Building trust with the police

Building trust with the police

LT. Colonel Masiba of the FCS unit at the Khayelitsha Police Station.

It is 10 am on Tuesday morning. TAC volunteer Lumkile Sizila has arrived unannounced at the Khayelitsha Police Station to speak to Lieutenant Colonel Masiba, the unit commander of the family and children sexual offences unit (FCS) that works closely with the Treatment Action Campaign (TAC) in Khayelitsha.

Lt Colonel Masiba isn’t fazed by Lumkile’s surprise visit. ‘This is what they do, they just arrive,’ she says laughing. She takes a more serious tone when she explains that her door is always open to the TAC: ‘They are the community, we must respect the community,’ she says.

The FCS unit at the Khayelitsha Police Station, deals with rape cases, and other sexual offences for minors under the age of 12. When it is quiet, they deal with five cases in a week, and when its gets busy, especially towards the festive season, the unit can deal with 10 to 12 cases.

Across the country, ordinary citizens have had difficult relationships with the police; Khayelitsha is much the same.

There is a strong belief among communities that if you do not know someone personally within the police force, it is unlikely that your case will be attended to.

This belief is an perception that the colonel does not deny. She speaks frankly about the community’s lack of trust in the police – it is the reason the TAC-FCS relationship is so important.

Because the TAC belongs to, and is so well-entrenched in and trusted by the community, people who need the help of the police will often turn to the TAC for support. ‘The community trusts the TAC, and that gives us an opportunity to make sure that we filter the right information to the community,’ says Colonel Masiba.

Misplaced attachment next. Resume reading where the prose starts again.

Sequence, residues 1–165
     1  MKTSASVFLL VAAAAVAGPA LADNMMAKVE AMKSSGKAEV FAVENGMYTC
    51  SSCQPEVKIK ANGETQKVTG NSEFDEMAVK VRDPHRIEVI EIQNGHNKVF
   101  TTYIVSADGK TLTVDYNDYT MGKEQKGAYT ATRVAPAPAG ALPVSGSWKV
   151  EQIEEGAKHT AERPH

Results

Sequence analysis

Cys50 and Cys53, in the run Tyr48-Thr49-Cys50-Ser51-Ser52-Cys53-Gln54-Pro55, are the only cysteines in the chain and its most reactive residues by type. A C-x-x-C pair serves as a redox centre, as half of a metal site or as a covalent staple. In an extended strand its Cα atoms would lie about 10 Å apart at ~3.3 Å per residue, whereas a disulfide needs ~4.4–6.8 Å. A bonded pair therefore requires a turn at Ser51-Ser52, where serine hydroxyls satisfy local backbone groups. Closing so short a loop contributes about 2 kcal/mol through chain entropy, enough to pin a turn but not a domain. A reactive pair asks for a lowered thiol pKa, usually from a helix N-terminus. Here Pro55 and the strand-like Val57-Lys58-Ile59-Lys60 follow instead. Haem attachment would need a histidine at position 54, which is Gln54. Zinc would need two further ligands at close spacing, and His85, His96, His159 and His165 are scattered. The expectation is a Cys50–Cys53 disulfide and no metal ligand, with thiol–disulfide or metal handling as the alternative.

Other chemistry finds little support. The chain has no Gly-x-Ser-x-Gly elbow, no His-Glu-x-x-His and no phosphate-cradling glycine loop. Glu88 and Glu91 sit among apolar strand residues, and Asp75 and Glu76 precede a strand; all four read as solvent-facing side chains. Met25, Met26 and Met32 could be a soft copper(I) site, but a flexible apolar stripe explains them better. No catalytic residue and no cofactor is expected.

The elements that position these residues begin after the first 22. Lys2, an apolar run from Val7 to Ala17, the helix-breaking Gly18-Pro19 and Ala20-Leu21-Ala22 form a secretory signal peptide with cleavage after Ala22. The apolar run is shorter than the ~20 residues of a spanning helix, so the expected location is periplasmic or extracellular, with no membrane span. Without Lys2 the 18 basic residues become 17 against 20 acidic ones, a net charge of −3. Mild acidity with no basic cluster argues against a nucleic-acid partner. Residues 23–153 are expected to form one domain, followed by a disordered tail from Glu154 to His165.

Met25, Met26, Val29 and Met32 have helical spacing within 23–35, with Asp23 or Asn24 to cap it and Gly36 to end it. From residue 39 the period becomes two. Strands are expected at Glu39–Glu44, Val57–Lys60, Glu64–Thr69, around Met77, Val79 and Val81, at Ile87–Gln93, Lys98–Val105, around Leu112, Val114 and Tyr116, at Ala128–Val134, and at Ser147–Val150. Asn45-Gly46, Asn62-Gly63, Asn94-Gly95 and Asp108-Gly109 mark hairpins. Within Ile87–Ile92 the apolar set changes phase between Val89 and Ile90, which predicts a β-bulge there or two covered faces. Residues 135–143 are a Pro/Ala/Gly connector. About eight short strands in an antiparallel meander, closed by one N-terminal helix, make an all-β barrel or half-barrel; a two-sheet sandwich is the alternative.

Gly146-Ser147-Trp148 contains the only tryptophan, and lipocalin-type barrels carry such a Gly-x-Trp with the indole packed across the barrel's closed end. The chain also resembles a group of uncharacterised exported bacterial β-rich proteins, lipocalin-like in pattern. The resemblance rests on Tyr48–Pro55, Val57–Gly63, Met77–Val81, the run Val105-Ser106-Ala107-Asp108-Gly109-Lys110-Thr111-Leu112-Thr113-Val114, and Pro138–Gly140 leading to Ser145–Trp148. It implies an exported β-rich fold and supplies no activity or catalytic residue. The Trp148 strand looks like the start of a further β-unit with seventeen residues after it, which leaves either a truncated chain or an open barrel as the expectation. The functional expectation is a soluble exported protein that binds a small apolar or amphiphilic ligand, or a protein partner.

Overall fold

The TAC has become a mouthpiece for both the community and the police. ‘When we take a case, there are certain processes we have to follow, and people don’t always understand that, and it looks like we are not doing anything,’ explains Colonel Masiba.

In order to get around this, the FCS is happy to brief TAC representatives on the status of various cases. If TAC members have an understanding of what is going on, they are able to relay the information back to the community, ensuring that nobody is left out.

Other than relaying information about specific cases, the TAC also works with the community on ways to interact more effectively with the police on an individual level, and educating people about police processes, making it easier for them to work together to fight sexual abuse. While levels of abuse have dropped in Khayelitsha, the battle is far from over. With her door open to the TAC, Colonel Masiba is certain that bringing an end to sexual abuse is a battle that they can win together.